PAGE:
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1.
BMC Infect Dis ; 20(1): 392, 2020 Jun 03.
Artigo em Inglês | MEDLINE | ID: mdl-32493291

RESUMO

BACKGROUND: The first yaws eradication campaign reduced the prevalence of yaws by 95%. In recent years, however, yaws has reemerged and is currently subject to a second, ongoing eradication campaign. Yet, the epidemiological status of Tanzania and 75 other countries with a known history of human yaws is currently unknown. Contrary to the situation in humans in Tanzania, recent infection of nonhuman primates (NHPs) with the yaws bacterium Treponema pallidum subsp. pertenue (TPE) have been reported. In this study, we consider a One Health approach to investigate yaws and describe skin ulcers and corresponding T. pallidum serology results among children living in the Tarangire-Manyara ecosystem, an area with increasing wildlife-human interaction in northern Tanzania. METHODS: To investigate human yaws in Tanzania, we conducted a cross-sectional study to screen and interview skin-ulcerated children aged 6 to 15 years, who live in close proximity to two national parks with high numbers of naturally TPE-infected monkeys. Serum samples from children with skin ulcers were tested for antibodies against the bacterium using a treponemal (Treponema pallidum Particle Agglutination assay) and a non-treponemal (Rapid Plasma Reagin) test. RESULTS: A total of 186 children aged between 6 and 15 years (boys: 10.7 ± 2.1 (mean ± SD), N = 132; girls: 10.9 ± 2.0 (mean ± SD), N = 54) were enrolled. Seven children were sampled at health care facilities and 179 at primary schools. 38 children (20.4%) reported active participation in bushmeat hunting and consumption and 26 (13.9%) reported at least one physical contact with a NHP. None of the lesions seen were pathognomonic for yaws. Two children tested positive for treponemal antibodies (1.2%) in the treponemal test, but remained negative in the non-treponemal test. CONCLUSIONS: We found no serological evidence of yaws among children in the Tarangire-Manyara ecosystem. Nevertheless, the close genetic relationship of human and NHPs infecting TPE strains should lead to contact prevention with infected NHPs. Further research investigations are warranted to study the causes and possible prevention measures of spontaneous chronic ulcers among children in rural Tanzania and to certify that the country is free from human yaws.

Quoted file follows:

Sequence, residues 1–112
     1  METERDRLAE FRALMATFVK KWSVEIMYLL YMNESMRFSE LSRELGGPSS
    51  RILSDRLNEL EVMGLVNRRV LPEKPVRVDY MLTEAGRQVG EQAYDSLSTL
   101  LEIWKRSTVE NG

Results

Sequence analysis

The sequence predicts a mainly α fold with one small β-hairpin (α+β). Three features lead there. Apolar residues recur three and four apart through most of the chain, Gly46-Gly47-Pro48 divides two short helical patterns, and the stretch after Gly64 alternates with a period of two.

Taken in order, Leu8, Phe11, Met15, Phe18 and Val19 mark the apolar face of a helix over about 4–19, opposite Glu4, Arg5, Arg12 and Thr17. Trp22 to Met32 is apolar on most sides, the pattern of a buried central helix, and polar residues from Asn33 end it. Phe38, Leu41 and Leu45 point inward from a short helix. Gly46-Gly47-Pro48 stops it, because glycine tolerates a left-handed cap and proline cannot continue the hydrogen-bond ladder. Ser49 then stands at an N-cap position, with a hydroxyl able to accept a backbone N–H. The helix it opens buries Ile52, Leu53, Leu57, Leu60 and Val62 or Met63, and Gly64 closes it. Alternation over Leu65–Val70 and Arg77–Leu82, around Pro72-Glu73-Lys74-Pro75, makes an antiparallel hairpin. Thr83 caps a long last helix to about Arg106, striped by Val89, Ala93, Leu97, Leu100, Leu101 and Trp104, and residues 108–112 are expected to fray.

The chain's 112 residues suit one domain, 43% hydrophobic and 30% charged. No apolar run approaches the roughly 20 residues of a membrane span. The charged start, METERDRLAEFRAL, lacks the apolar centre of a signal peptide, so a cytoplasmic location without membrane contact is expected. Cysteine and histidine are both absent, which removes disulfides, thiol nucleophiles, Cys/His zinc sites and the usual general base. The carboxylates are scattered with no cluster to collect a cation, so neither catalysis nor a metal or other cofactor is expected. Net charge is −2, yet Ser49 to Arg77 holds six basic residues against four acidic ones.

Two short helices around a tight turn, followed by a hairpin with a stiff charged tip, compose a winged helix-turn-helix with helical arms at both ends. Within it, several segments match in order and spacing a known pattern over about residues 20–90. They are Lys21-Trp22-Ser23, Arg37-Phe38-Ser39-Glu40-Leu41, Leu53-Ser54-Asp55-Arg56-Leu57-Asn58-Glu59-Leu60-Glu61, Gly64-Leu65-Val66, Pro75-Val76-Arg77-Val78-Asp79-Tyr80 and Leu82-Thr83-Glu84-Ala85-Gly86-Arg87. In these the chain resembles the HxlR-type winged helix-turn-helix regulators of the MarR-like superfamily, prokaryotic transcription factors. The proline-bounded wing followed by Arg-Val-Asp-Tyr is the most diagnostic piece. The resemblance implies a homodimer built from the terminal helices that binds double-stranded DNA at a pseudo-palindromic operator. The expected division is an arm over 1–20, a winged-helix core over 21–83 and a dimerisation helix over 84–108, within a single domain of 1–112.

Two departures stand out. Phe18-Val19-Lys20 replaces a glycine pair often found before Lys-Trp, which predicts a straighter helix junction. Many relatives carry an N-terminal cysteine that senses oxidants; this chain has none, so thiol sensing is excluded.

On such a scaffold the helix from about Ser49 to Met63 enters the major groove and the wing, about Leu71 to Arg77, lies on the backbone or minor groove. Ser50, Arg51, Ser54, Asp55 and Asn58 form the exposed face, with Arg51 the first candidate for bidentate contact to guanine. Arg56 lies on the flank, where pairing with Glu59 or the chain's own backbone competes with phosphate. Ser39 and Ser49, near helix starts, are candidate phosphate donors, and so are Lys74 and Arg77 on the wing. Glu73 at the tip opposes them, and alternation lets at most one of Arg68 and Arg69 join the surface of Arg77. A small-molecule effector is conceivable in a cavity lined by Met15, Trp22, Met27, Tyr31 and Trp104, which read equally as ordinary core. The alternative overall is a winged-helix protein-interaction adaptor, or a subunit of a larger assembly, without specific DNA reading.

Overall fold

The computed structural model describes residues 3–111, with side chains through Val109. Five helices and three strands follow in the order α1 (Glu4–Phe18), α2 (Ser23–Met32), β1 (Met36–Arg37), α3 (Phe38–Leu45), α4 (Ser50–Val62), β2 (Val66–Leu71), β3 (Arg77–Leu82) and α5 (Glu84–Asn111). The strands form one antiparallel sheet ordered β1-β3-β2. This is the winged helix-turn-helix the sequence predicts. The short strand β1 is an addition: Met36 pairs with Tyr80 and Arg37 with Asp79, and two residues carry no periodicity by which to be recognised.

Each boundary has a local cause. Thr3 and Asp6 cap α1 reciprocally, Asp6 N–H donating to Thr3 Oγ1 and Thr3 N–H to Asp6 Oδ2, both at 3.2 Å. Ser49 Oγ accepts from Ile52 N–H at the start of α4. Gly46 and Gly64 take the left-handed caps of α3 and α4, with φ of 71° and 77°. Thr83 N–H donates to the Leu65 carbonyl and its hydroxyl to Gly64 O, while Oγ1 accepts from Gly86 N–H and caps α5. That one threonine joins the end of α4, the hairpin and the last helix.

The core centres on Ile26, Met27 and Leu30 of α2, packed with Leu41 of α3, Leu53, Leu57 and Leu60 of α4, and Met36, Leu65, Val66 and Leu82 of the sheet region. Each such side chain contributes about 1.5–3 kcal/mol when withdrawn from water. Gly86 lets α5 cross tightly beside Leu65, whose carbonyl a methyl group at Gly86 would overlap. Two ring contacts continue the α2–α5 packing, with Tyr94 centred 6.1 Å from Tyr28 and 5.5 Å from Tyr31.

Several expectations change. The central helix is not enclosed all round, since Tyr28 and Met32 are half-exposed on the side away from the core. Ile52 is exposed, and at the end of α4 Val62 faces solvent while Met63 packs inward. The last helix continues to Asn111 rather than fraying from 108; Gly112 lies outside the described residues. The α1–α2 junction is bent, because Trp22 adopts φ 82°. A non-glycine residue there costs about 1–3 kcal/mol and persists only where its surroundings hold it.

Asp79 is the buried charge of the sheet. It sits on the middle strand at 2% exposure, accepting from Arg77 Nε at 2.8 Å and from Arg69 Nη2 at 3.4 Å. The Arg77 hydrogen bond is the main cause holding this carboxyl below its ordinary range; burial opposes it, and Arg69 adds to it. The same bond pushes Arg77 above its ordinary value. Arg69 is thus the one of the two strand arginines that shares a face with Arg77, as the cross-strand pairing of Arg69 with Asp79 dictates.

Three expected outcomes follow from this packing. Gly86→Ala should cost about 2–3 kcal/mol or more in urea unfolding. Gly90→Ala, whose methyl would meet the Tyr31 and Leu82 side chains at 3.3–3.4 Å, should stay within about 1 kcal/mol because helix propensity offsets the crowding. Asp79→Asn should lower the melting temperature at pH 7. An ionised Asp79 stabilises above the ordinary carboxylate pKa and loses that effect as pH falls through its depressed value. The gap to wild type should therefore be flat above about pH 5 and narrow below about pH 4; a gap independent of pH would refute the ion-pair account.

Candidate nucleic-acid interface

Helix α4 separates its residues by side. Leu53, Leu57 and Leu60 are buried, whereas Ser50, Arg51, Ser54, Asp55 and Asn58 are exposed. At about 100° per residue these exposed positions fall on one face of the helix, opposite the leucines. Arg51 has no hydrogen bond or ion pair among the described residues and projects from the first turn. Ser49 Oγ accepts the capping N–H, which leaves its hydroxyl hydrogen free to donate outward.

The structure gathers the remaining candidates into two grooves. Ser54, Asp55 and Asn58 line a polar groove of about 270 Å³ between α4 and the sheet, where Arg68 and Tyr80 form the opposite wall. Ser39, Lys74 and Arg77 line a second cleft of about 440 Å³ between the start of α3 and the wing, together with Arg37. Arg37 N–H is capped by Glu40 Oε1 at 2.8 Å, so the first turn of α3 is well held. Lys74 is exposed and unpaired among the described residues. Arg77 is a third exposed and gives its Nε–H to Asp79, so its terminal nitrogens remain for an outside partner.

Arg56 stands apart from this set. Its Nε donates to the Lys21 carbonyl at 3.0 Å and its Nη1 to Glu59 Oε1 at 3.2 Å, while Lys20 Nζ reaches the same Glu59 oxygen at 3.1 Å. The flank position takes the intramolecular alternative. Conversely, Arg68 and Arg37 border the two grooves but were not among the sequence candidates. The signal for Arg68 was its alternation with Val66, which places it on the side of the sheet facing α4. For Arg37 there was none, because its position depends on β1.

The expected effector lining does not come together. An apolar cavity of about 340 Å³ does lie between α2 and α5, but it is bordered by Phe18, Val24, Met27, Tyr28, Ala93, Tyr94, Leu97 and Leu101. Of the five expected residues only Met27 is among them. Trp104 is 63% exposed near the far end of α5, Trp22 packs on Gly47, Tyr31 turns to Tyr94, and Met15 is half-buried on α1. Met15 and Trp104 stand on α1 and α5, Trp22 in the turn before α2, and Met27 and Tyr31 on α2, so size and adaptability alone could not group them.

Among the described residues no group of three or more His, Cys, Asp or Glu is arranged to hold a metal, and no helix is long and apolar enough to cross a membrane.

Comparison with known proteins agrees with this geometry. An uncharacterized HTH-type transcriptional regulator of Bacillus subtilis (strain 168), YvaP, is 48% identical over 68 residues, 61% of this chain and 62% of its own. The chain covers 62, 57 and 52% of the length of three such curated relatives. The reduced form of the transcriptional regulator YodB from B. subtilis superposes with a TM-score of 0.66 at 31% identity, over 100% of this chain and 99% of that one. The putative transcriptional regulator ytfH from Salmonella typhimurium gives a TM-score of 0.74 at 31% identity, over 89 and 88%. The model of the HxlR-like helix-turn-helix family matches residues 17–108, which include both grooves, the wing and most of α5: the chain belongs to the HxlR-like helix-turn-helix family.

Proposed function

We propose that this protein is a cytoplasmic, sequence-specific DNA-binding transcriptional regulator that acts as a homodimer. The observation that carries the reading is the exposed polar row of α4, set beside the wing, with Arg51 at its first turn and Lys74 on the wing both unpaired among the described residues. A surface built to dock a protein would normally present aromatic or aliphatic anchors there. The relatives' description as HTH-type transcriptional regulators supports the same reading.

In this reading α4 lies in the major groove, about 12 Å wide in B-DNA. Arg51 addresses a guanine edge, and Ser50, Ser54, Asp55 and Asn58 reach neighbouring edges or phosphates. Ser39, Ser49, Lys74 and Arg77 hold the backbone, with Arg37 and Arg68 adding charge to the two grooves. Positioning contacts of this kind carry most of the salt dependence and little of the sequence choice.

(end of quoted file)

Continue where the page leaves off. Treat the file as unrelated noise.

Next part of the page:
Assuntos
Anticorpos Antibacterianos/sangue , Úlcera Cutânea/patologia , Treponema pallidum/imunologia , Bouba/patologia , Adolescente , Animais , Criança , Estudos Transversais , Ecossistema , Feminino , Haplorrinos , Humanos , Masculino , Prevalência , Doenças dos Primatas/microbiologia , Doenças dos Primatas/patologia , Úlcera Cutânea/sangue , Úlcera Cutânea/microbiologia , Inquéritos e Questionários , Tanzânia/epidemiologia , Treponema pallidum/isolamento & purificação , Bouba/epidemiologia , Bouba/microbiologia
2.
N Z Med J ; 133(1513): 53-60, 2020 04 24.
Artigo em Inglês | MEDLINE | ID: mdl-32325468

RESUMO